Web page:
How We Feel Affects How We Feel (couple running through countryside)

How We Feel Affects How We Feel

In Feeling Better by Dr. Binyamin Rothstein0 Comments

The other day I wrote about the Autonomic Nervous System and Learn to Relax. This post is related in that it discusses relaxation and how our spirit can affect so much about our body.

Relieving people’s pain has been my passion and profession for decades but there were times that, no matter what I did, some people never got better.  I was missing something. I could treat structural imbalances, nutritional deficiencies, diagnose underlying illnesses or disease; yet there were always those people that didn’t get well.  I now know that the key to unlocking their healing was addressing their underlying pain of the spirit or emotional pain.

How We Feel Affects How We Feel

When we encounter a situation that we perceive as a threat to us, an alarm goes off in our brain that triggers a stress reaction. The stress reaction is mediated through our autonomic nervous system, in particular the sympathetic nervous system (see below).  This is the part of us that prepares us for battle, similar to the fight or flight reaction we get from adrenalin.

When the sympathetic nervous system sends its signals to the body it causes the blood vessels to constrict, decreasing blood flow to the muscles.  Deprived of blood, the muscles spasm. (Did you know that the natural state of muscle is to contract?  When an animal dies, the muscles contract, making the body stiffen; hence the term rigor mortis, i.e. the stiffness of death.  That is because it takes energy to relax the muscles, contraction happens automatically.)

The Sympathetic Nervous System and Stress

When under stress, the sympathetic nervous system sends its messages to the body, resulting in muscles contracting. This becomes a further source of pain that sends a message back to the brain that the body is in trouble, which in turn causes more pain and spasms.  In other words, the more you hurt the more you hurt.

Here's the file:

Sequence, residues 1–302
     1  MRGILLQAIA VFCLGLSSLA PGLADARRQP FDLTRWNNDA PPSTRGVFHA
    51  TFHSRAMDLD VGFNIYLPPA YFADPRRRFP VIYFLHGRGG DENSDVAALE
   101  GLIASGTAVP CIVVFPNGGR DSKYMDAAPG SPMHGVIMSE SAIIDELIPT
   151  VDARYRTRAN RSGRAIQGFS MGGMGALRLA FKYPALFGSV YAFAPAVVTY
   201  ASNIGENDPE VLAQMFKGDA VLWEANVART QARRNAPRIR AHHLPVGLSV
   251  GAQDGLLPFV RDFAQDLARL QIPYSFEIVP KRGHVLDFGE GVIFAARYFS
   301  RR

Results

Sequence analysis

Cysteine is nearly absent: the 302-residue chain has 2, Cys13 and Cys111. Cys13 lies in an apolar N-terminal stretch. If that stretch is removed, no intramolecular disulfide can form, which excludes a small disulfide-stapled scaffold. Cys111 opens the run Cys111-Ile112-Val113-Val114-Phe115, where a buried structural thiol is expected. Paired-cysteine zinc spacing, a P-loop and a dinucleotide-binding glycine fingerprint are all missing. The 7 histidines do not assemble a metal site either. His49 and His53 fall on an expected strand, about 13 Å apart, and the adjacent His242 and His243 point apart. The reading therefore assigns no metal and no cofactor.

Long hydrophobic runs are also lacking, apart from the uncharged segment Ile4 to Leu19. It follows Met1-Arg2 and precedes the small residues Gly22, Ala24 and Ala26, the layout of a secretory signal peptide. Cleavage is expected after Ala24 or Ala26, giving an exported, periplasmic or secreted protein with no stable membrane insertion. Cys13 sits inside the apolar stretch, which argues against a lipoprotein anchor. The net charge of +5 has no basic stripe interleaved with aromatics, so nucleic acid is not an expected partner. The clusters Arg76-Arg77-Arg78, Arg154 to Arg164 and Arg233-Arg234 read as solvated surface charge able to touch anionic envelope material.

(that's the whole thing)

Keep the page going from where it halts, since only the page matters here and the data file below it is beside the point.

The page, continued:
To effectively treat a person you need to know what is going on in their life.  Why are they suffering?  You don’t have to do a psychological analysis, but the underlying cause has to be traced back beyond the injury. Some relevant questions include:

  • Were there any particular stresses going on in the patient’s life?
  • Were they predisposed to the injury?
  • Is the pain of the injury commensurate with the injury itself; i.e. does the injury justify the pain?

Here is where the magic comes in.  This approach has brought significantly greater relief in a shorter period of time than any approach I have ever used.

After listening to someone who is suffering and helping them to identify the underlying issues, they are then empowered to overcome the emotional blockage so that when I work on their body, it releases fully.  People think it is miraculous when it is just how the body feels when it has been approached in a truly holistic, whole-body way where the real issues are addressed.

Once the underlying emotions are eased, the body will respond to treatment more completely and feel better longer. This helps create a better cycle of how we feel affecting how we feel – but in a good way.

Wishing you health and happiness in all that you do,


About the Author

Dr. Binyamin Rothstein

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Dr. Binyamin Rothstein is a practicing osteopathic physician for over 35 years working on healing the body as a whole. Dr. Rothstein has thousands of satisfied patients from decades of medical practice. Now Dr. Binyamin Rothstein has brought his specialty of pain treatment and management without narcotics to Philadelphia and the surrounding communities, with an office in Narberth, Pennsylvania.

How We Feel Affects How We Feel was last modified: December 9th, 2016 by Dr. Binyamin Rothstein

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